- Journal Details
- First Published
- 30 Mar 2017
- Publication timeframe
- 4 times per year
- Open Access
Page range: 1 - 2
- Open Access
Page range: 3 - 5
- Open Access
How Users Search the Mobile Web: A Model for Understanding the Impact of Motivation and Context on Search Behaviors
Page range: 98 - 122
This study explores how search motivation and context influence mobile Web search behaviors.
We studied 30 experienced mobile Web users via questionnaires, semi-structured interviews, and an online diary tool that participants used to record their daily search activities. SQLite Developer was used to extract data from the users’ phone logs for correlation analysis in Statistical Product and Service Solutions (SPSS).
One quarter of mobile search sessions were driven by two or more search motivations. It was especially difficult to distinguish curiosity from time killing in particular user reporting. Multi-dimensional contexts and motivations influenced mobile search behaviors, and among the context dimensions, gender, place, activities they engaged in while searching, task importance, portal, and interpersonal relations (whether accompanied or alone when searching) correlated with each other.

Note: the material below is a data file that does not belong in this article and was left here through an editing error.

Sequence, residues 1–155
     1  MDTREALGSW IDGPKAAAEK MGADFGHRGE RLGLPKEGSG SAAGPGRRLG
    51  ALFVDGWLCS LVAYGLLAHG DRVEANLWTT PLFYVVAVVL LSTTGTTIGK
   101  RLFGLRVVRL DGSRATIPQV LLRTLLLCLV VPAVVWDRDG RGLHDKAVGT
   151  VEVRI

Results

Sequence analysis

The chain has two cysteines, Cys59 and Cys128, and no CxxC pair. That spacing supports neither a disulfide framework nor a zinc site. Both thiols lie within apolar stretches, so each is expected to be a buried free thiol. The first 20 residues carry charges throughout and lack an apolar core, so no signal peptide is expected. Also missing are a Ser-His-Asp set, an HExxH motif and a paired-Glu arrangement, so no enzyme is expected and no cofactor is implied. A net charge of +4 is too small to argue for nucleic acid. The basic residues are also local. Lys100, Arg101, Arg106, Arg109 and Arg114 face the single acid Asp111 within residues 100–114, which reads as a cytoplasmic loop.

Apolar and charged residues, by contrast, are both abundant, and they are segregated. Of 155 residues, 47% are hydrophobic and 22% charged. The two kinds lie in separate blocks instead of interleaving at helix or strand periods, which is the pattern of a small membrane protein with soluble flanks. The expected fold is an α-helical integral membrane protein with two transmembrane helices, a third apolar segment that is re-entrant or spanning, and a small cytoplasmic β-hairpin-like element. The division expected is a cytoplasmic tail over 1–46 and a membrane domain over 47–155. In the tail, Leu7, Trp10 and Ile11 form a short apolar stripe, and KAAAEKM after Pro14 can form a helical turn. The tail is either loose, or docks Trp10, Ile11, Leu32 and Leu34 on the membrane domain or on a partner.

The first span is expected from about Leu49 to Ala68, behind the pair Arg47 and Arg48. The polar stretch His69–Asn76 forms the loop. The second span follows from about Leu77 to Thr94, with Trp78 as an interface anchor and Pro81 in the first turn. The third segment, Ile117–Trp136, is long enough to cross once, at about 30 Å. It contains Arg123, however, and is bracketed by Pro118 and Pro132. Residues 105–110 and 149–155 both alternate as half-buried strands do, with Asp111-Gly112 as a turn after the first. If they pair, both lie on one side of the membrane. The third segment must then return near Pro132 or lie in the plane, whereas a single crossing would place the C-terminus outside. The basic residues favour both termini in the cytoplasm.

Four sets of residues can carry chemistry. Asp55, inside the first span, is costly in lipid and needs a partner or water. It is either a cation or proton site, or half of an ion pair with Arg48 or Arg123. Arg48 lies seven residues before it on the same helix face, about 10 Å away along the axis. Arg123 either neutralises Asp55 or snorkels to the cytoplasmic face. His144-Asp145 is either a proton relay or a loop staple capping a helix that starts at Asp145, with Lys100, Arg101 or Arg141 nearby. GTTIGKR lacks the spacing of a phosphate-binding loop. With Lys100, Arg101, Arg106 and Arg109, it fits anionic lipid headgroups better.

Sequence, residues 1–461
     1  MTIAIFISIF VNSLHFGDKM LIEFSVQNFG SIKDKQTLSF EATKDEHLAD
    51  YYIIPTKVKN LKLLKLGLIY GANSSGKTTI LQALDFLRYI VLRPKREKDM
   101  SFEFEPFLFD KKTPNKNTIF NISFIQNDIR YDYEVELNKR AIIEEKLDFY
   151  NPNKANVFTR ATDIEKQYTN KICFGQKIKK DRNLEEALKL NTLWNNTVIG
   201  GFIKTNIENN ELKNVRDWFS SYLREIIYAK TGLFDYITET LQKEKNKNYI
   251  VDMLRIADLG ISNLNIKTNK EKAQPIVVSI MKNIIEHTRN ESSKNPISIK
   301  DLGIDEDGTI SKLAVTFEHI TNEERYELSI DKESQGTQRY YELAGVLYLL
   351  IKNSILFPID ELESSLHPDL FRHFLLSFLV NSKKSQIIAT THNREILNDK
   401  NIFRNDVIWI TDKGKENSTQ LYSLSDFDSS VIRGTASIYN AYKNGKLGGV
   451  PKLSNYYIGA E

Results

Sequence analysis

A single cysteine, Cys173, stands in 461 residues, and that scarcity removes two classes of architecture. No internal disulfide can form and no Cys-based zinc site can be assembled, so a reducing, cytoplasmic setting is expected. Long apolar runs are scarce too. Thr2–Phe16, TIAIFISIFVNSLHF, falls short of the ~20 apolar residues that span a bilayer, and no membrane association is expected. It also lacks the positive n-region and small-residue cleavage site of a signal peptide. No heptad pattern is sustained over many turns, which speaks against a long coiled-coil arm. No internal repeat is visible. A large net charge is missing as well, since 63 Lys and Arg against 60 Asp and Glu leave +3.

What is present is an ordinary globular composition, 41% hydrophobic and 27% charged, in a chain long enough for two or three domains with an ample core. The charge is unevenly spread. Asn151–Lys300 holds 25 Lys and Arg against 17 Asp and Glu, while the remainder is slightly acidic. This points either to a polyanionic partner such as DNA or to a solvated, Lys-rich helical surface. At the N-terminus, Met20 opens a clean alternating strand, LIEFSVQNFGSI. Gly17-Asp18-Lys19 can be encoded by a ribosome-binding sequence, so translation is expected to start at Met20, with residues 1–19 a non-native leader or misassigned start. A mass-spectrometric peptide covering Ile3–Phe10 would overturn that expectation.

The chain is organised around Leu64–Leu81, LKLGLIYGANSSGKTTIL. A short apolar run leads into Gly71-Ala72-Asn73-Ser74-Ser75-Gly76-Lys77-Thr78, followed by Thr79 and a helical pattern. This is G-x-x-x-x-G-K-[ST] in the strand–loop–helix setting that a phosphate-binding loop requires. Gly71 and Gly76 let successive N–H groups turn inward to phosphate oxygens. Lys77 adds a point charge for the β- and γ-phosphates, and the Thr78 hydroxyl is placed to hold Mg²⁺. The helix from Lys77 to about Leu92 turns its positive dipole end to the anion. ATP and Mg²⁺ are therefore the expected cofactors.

The sample was comprised entirely of college students, so our findings may not generalize to other populations. More participants and longer experimental duration will improve the accuracy and objectivity of the research.
Motivation analysis and search context recognition can help mobile service providers design applications and services for particular mobile contexts and usages.
Most current research focuses on specific contexts, such as studies on place, or other contextual influences on mobile search, and lacks a systematic analysis of mobile search context. Based on analysis of the impact of mobile search motivations and search context on search behaviors, we built a multi-dimensional model of mobile search behaviors.
- Mobile search
- Query formulation
- Search motivation
- Search context
- Contextual dimension
- Open Access
Page range: 86 - 97
To develop a structured, rich media digital paper authoring tool with an object-based model that enables interactive, playable, and convertible functions.
We propose Dpaper to organize the content (text, data, rich media, etc.) of dissertation papers as XML and HTML5 files by means of digital objects and digital templates.
Dpaper provides a structured-paper editorial platform for the authors of PhDs to organize research materials and to generate various digital paper objects that are playable and reusable. The PhD papers are represented as Web pages and structured XML files, which are marked with semantic tags.
The proposed tool only provides access to a limited number of digital objects. For instance, the tool cannot create equations and graphs, and typesetting is not yet flexible compared to MS Word.